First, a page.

Woodsmans Bread Part 1: The Dough

 

Bread making for the outdoorsman.

A common phrase among bushcrafters is the term, “smoothing it”, which aptly sums up why we go into the woods, we don’t go into the woods to have sleepless nights and eat poorly, we go to enjoy nature and to eat and sleep well. As such having a varied diet is key and oddly enough you don’t see people baking bread much when they are out in the woods, despite consuming bread every day when they are at home.

This may be because of the stigma associated with baking, that its time consuming and difficult and can only be done in perfect conditions. I disagree. I think a decent bread roll or small loaf can easily be whipped up in the woods, provided you have some basic ingredients. This 2-part series should get you started on the basics of how to make dough and a couple ways you can cook it up.

A quick note, I don’t claim to be an expert baker, so my method may not match what you see on cooking TV shows or from professional chefs, but it has certainly served me well and makes me feel like I’m smoothing it when outdoors.

Part 1: The dough

The critical part to making bread…. Obviously.

I rarely use specific measurements, simply because in the woods you might not have a scale or measuring cups, so I do it all by eye. One packet of yeast generally makes enough bread for 2 people and you would use probably just under half a bag of flour.

Ingredients:

  • Salt
  • Sugar
  • 1kg Bag of Plain Flour
  • 5 Gram Packet of Yeast

The first step is to warm your water, place about 200-300 mls of water into your pot, and set it close to your fire. You don’t want to warm it past 50 degrees, only to just above body temperature, so keep an eye on it as it doesn’t take long. If you do overheat the water don’t worry about adding some cold water to cool it down.

When the water is just above body temperature place your packet of yeast into the pot, along with two pinches of sugar. Set this just off from your fire, an area where you can hold your hand comfortably while still feeling some slight warmth of the fire. Let the yeast rest for 5 minutes, check your pot regularly to stir and ensure that it isn’t getting too warm.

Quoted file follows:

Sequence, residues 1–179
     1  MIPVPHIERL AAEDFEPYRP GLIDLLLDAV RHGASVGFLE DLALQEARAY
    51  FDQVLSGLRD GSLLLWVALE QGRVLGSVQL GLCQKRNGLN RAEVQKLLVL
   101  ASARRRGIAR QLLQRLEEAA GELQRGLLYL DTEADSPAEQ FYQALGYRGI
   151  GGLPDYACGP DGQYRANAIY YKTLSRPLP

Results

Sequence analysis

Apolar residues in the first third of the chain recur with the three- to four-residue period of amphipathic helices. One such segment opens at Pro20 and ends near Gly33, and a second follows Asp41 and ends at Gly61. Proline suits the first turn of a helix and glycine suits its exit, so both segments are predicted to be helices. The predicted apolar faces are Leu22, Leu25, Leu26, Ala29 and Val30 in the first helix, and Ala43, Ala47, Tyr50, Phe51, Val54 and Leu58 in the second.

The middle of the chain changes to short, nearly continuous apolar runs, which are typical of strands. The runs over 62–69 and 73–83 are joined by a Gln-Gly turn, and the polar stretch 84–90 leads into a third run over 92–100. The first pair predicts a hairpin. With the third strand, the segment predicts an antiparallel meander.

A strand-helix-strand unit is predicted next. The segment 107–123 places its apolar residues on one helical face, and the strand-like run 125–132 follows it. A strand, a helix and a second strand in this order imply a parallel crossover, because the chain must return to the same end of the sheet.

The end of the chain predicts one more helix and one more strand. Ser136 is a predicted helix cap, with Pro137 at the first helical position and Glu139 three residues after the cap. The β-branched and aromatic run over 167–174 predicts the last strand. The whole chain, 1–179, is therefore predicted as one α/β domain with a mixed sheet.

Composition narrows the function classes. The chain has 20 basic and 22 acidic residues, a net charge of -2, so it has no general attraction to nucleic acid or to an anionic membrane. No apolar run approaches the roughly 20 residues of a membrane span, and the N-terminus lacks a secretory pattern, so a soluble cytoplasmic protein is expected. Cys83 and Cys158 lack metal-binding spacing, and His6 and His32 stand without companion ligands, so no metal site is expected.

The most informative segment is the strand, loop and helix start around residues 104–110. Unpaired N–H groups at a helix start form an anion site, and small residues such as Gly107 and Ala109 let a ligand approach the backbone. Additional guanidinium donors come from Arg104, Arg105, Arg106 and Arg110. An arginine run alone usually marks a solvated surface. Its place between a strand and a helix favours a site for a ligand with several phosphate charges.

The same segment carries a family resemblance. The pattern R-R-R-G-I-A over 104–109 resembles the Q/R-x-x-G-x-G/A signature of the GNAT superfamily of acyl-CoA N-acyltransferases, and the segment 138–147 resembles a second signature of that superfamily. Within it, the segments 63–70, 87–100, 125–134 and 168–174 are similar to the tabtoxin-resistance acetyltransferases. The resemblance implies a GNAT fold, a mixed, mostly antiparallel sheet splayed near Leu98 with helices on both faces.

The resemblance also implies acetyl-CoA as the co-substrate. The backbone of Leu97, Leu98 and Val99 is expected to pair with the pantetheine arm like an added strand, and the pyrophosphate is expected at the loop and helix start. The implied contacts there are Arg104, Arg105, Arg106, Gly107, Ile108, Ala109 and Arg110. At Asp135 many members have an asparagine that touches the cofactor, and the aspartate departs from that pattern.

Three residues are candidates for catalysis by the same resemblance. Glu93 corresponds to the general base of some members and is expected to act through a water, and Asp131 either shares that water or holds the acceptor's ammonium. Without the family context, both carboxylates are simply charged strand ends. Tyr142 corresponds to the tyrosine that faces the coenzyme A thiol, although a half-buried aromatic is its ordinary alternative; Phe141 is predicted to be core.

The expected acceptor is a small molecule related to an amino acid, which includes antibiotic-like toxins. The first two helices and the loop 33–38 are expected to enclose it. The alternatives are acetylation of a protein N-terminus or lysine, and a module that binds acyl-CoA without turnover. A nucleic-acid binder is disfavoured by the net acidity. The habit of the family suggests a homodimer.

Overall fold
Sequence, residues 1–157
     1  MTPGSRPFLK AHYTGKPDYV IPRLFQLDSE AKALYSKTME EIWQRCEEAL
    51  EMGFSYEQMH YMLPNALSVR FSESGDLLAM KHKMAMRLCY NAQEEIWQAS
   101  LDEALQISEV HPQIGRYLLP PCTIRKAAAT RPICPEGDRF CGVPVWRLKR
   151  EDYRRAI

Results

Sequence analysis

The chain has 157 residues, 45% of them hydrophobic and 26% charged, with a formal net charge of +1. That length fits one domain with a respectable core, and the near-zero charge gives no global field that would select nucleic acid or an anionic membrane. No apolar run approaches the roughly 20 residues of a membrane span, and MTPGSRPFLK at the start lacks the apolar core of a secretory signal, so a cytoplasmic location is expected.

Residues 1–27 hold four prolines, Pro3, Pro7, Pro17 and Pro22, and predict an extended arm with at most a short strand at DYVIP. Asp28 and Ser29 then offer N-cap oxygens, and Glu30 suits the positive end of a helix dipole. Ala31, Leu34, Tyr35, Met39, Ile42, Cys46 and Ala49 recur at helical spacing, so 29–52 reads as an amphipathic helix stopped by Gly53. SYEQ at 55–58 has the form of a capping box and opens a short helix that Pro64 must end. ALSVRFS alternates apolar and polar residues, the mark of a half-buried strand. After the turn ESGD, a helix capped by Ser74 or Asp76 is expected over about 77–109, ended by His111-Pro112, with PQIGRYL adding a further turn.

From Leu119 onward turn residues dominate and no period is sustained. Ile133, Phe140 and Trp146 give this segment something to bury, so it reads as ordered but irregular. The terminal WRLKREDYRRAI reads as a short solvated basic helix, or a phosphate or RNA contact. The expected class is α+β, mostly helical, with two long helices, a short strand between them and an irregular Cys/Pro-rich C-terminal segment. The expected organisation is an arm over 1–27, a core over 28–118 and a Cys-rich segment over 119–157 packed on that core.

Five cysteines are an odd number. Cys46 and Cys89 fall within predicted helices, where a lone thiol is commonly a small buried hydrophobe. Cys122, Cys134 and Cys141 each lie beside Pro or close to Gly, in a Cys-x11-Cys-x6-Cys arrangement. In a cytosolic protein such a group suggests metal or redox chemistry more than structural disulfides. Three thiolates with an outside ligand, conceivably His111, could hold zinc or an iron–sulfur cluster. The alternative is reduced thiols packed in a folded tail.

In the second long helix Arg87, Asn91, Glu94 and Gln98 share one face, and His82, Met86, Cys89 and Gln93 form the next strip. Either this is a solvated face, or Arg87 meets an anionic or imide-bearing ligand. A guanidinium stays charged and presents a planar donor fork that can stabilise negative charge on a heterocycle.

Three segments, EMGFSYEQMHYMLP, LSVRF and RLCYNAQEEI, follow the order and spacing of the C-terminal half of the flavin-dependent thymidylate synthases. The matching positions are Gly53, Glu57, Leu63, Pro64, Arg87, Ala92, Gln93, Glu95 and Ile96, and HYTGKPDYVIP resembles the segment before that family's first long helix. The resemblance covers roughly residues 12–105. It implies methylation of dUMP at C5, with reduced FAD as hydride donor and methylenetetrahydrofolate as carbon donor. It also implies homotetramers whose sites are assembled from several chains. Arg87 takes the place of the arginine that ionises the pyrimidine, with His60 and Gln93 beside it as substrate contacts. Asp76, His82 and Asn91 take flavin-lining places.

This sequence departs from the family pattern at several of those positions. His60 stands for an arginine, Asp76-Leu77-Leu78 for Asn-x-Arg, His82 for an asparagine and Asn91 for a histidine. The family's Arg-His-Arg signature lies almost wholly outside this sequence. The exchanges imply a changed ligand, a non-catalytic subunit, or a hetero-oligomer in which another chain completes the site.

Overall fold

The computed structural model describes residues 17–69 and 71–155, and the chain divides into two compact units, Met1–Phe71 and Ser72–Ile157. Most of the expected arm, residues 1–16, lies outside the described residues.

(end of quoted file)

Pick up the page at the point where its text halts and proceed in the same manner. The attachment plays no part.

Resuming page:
Next add a pinch of salt and some flour, as I don’t really measure out the flour it will be added it bit by bit. At first you will just be able to stir the flour in with a stick or spoon, as you develop more of a dough you will have to start working it with your hands. I found an easy way to knead in a small pot was to use my knuckles. Folding the dough and then pressing down with my fist.

As the dough forms add flour in small increments to avoid making your dough too dry, but if you do just add water and keep kneading. Once you’ve got a good lump of dough that’s holding together focus more on kneading than adding flour. Knead for a few minutes and assess the dough.

You are looking for dough that’s smooth, slightly sticky, and elastic feeling, achieve this by kneading for at least 5 minutes and if necessary adding small bits of flour. Once you’ve got your dough made, flour the inside of your pot and then set the dough inside. If you want to portion your dough up, now is the time, and then let each section rise individually.

Your pot should go next to the fire where its comfortably warm to allow your dough to rise, which it really will, almost doubling in size! Monitor the pot closely to ensure it doesn’t get too warm which could kill the yeast and ruin your bread, the rising will take about half an hour, so now is a good time to stock up on a bit more fire wood or prep other parts of the meal.

Once the dough has risen it’s time to cook!

 

Leave a Reply

Fill in your details below or click an icon to log in:

WordPress.com Logo

You are commenting using your WordPress.com account. Log Out /  Change )

Google+ photo

You are commenting using your Google+ account. Log Out /  Change )

Twitter picture

You are commenting using your Twitter account. Log Out /  Change )

Facebook photo

You are commenting using your Facebook account. Log Out /  Change )

Connecting to %s

Powered by WordPress.com.

Up ↑

%d bloggers like this: